Slide 24 - Methane
- Methane is released by coal mining, landfills, and by agriculture, particularly through the digestive processes of beef and milk cows.
Slide 25 - Nitrous Oxide
- Nitrous Oxide is produced by cars, by fossil fuels used for heat and electricity, and by agriculture.
Slide 26 - First we must admit that climate change is everyone’s problem. No agency, government, or scientist can “fix it” for us. We are all in this together.
- We got here because of our lifestyle. So our lifestyle has to change.
- Here’s what you can do…
- What can be done?
Slide 27 - Install programmable thermostats.
- Check and repair weather stripping on doors and windows.
- Adjust your clothing instead of the thermostat.
- Keep furnace and AC filters clean.
- Consider closing off unused rooms.
- Install insulated drapes.
- Plant deciduous trees on the sunny side of your home.
- Heating and Cooling
- What other ways can you conserve heat and AC?
Slide 28 - Conserve Hot Water
- Take shorter showers.
- Install low flow shower heads.
- Install a blanket on your hot water heater.
- Insulate hot water pipes.
- Wash laundry in cold water.
- Only run the dishwasher if it’s full.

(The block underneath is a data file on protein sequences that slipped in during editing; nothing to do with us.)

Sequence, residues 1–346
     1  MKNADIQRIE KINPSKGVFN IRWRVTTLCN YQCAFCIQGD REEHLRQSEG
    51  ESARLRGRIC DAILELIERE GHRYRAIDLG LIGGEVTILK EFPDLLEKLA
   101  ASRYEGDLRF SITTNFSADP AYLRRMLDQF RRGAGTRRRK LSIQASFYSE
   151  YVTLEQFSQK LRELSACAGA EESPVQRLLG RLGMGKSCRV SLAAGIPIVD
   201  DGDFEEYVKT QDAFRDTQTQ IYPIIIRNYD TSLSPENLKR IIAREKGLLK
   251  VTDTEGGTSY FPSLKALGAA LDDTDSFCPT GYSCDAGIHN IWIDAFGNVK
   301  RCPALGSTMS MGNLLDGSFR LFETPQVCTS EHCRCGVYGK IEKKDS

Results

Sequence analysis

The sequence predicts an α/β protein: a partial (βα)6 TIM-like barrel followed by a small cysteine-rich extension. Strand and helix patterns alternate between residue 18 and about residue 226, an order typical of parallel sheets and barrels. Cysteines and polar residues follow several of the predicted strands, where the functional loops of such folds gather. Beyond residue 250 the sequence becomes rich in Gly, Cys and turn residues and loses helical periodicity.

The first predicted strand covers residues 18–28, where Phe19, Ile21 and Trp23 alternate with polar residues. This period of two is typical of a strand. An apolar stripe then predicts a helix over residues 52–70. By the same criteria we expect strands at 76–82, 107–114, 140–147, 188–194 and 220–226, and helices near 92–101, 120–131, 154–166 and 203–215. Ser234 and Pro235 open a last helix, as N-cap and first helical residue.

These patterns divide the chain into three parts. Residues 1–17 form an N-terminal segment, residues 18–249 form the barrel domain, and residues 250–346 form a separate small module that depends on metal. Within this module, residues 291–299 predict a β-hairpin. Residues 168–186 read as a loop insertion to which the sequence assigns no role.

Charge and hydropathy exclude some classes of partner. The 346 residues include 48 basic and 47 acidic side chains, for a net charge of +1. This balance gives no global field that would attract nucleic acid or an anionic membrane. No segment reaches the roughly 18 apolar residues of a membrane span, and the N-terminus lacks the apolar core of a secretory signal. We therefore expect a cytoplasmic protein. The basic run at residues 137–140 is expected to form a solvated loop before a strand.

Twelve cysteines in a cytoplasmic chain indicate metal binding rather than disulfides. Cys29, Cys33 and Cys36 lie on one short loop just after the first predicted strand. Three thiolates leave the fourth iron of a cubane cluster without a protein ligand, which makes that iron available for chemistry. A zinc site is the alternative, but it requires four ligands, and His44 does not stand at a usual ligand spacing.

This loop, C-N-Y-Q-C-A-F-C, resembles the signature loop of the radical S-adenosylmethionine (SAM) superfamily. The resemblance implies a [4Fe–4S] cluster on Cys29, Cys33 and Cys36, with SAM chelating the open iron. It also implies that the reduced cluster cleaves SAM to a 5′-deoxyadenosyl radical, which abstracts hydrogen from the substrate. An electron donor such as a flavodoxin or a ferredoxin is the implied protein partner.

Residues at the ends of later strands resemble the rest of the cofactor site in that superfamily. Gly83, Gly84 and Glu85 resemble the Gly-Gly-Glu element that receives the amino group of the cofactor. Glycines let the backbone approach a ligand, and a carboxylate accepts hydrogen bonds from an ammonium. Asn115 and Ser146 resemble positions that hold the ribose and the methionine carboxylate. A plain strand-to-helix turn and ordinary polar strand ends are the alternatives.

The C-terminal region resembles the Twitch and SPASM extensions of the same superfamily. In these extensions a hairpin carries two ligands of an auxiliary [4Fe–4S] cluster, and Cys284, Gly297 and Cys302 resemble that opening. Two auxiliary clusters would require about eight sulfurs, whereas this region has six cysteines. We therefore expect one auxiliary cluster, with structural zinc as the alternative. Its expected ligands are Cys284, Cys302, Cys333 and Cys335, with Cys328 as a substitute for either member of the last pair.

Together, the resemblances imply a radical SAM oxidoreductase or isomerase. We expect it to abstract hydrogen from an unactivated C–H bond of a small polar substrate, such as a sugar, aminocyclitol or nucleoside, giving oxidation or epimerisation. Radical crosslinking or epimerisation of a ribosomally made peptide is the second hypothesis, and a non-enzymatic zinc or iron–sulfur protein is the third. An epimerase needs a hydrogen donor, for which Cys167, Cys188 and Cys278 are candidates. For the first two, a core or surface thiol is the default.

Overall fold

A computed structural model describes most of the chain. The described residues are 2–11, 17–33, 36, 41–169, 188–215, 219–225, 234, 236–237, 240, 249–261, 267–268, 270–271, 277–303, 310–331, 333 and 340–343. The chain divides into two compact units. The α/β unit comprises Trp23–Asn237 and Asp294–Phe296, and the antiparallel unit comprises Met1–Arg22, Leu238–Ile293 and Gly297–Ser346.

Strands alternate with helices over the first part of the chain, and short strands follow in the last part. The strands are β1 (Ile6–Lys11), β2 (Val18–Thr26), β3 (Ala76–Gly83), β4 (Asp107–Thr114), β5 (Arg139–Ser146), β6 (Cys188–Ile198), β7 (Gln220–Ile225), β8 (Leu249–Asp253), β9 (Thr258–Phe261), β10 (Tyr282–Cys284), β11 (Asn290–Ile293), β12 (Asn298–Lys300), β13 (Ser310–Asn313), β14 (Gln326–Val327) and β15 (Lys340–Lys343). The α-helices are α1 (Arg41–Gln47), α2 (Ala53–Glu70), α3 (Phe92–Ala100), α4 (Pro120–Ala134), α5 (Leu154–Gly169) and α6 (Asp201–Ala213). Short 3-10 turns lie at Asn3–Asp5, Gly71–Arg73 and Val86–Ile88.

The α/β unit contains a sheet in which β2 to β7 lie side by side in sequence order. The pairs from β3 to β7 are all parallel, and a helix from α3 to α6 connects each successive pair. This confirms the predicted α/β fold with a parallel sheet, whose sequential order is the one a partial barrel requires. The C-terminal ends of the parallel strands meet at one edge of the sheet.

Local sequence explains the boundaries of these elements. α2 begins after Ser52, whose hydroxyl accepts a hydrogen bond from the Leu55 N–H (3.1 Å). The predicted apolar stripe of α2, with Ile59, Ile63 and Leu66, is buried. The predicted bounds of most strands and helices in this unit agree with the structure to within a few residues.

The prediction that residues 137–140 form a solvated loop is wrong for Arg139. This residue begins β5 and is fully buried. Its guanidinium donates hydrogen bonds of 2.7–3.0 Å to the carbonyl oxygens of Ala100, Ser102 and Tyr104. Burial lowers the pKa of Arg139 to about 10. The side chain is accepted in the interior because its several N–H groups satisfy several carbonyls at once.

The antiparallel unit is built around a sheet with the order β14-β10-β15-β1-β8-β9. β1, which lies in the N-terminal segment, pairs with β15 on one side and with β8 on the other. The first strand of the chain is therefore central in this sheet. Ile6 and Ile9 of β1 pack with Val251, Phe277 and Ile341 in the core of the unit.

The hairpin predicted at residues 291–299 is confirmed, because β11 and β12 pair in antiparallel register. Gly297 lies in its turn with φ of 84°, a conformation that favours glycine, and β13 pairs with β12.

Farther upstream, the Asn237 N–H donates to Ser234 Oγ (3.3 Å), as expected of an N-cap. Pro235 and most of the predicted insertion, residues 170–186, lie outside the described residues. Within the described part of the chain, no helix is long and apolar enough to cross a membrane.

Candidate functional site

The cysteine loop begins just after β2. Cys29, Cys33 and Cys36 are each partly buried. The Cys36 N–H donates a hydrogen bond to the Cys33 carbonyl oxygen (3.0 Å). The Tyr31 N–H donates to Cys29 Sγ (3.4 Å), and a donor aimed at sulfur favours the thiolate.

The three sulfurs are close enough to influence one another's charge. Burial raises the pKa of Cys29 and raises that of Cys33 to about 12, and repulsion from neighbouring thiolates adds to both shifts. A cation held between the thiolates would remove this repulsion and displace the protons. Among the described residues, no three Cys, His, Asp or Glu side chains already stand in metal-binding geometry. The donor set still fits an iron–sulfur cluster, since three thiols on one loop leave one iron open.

- Fix leaky faucets
- What other ways can you cut down on hot water use?
- In the average home, 17% of energy is used to heat water. http://www.eia.doe.gov/kids/energyfacts/uses/residence.html
Slide 29 - Plan ahead – do several errands in a single trip.
- Walk or bike. It’s healthier anyway.
- Clean out the junk in the trunk. Lighter cars get better mileage.
- Make sure your engine is properly tuned.
- Keep your tires properly inflated.
- Carpool or ride the school bus.
- Support public transportation.
- Consider a smaller car or a hybrid for your next vehicle.
- Conserve in the Car
- What other ways can you use less gas?
Slide 30 - Unplug chargers for cell phones and other appliances when not in use.
- Get in the habit of turning lights and appliances off.
- Vacuum the coils on the back of the fridge monthly.
- Change to compact fluorescent bulbs.
- Make your next computer a laptop.
- Install timers or motion sensors on outdoor lights.
- Conserve Electricity
- What other ways can you conserve electricity?
Slide 31 - Recycle and buy recycled products.
- Choose products that have less packaging.
- Reuse, repair, or donate.
- Don’t buy it unless you really need it.
- Carry cloth bags when shopping.
- Use a refillable travel mug or water bottle.
- Give your time instead of material gifts, or donate to a charity in the recipient’s name.
- Reduce waste
- What other ways can you cut down on waste?
Slide 32 - There’s no place like home…
- …and there may never be again. Do your part.
Slide 33 - Sources
- Parmesan, C., 1996. Climate and species range. Nature 382, 765-766
- Parmesan, C., et al. 1999. Poleward shifts in geographical ranges of butterfly species associated with regional warming. Nature 399, 579-583.
- Primack, D.,et al 2004. Herbarium specimens demonstrate earlier flowering times in response to warming in Boston. American Journal of Botany, 91, 1260-1264.
- Thomas, C.D. and Lennon, J.J., 1999. Birds extend their ranges northwards. Nature 399: 213.